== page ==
Assessment of Two Diabetes Point-of-care Analyzers Measuring Hemoglobin A1c in the Peruvian Amazon.
BACKGROUND:With an estimated 174 million undiagnosed cases of diabetes mellitus worldwide and 80% of them occurring in low- and middle-income countries an effective point-of-care diagnostic tool is key to fighting this global epidemic. Glycated hemoglobin has become a reliable biomarker for the diagnosis and prognosis of diabetes. OBJECTIVE:We assessed two point-of-care (POC) analyzers in multi-ethnic communities of the Amazon Rainforest in Peru where laboratory-based glycated hemoglobin (HbA1c) testing is not available. METHODS:203 venous blood samples were tested for HbA1c by Afinion and DCA Vantage analyzers as well as a Premier Hb9210 high-performance liquid chromatography (HPLC) method as the reference standard. The coefficient of variation (CV) of each device was calculated to assess assay imprecision. Bland-Altman plots were used to assess bias. Ambient temperature, humidity, and barometric pressure were also evaluated for their effect on HbA1c results using multivariate regression. FINDINGS:There was a wide range of HbA1c for participants based on the HPLC test: 4.4-9.0% (25-75 mmol/mol). The CV for the Afinion was 1.75%, and 4.01% for Vantage. The Afinion generated higher HbA1c results than the HPLC (mean difference = +0.56% [+6 mmol/mol]; p < 0.001), as did the DCA Vantage (mean difference = +0.32% [4 mmol/mol] p < 0.001). Temperature and humidity were not related to HbA1c; however, barometric pressure was associated with HPLC HbA1c results for the Afinion. CONCLUSIONS:Imprecision and bias were not low enough to recommend either POC analyzer for HbA1c determinations in this setting.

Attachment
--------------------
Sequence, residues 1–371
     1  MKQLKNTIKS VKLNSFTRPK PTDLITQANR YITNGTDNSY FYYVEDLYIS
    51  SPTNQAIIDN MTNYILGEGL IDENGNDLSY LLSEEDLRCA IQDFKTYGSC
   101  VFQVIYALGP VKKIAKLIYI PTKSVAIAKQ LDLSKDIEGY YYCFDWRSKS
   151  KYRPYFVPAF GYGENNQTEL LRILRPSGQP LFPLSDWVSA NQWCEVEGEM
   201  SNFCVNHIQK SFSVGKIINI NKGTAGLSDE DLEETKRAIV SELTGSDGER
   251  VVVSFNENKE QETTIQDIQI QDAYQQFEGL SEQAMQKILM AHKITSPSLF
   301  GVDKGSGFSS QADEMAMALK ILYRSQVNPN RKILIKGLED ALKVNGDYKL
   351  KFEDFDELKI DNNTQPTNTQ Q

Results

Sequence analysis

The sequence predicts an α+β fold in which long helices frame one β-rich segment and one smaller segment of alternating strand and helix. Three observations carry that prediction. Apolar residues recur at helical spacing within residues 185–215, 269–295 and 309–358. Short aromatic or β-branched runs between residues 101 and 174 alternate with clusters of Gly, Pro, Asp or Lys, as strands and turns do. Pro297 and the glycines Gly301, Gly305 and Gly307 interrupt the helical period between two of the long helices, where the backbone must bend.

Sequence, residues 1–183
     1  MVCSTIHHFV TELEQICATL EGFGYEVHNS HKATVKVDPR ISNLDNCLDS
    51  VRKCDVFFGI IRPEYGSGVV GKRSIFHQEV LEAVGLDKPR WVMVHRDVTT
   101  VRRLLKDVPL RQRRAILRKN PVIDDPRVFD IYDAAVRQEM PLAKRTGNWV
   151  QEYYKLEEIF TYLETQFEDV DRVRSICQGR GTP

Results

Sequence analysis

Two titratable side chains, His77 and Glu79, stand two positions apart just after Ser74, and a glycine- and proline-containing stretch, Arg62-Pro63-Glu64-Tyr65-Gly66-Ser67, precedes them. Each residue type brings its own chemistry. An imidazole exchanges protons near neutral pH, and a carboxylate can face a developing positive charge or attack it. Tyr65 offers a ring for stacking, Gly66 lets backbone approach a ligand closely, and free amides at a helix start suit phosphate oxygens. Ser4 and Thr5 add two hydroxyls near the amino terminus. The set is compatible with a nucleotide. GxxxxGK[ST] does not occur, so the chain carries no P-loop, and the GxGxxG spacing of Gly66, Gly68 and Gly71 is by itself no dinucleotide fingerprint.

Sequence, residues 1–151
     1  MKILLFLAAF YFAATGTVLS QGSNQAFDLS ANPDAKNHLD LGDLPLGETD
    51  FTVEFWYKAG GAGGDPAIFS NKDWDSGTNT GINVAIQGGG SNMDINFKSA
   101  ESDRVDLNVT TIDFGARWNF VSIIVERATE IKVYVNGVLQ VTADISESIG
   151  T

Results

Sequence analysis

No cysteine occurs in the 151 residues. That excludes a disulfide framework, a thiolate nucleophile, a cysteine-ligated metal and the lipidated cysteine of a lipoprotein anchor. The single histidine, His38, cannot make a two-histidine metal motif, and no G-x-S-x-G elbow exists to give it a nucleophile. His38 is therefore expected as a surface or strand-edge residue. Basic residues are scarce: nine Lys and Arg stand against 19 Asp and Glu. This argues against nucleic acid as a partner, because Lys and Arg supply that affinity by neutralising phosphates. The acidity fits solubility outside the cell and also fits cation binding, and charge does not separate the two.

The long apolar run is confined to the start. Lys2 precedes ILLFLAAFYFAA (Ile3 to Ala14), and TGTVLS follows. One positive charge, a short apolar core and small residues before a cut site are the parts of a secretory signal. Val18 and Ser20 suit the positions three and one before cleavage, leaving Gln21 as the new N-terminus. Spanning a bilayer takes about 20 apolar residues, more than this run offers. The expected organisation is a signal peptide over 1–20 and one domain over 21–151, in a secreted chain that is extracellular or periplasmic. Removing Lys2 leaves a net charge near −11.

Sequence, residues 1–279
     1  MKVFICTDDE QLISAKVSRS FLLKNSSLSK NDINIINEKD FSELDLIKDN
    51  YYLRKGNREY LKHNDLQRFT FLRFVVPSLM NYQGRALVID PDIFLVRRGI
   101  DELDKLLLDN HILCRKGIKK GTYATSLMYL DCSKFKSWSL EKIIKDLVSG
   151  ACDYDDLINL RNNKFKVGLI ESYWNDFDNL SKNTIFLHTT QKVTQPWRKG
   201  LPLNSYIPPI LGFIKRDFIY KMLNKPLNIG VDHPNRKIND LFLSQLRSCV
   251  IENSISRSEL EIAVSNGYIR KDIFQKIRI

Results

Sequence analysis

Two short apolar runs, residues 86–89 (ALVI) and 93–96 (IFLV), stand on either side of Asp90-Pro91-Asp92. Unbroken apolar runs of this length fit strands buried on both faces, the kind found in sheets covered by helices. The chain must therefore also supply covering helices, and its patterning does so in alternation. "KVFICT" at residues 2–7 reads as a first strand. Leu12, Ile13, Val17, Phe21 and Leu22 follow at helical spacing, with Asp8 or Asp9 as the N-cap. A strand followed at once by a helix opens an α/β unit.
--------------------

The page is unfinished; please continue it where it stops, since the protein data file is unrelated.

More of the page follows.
Saxton, AT; Miranda, JJ; Ortiz, EJ; Pan, W
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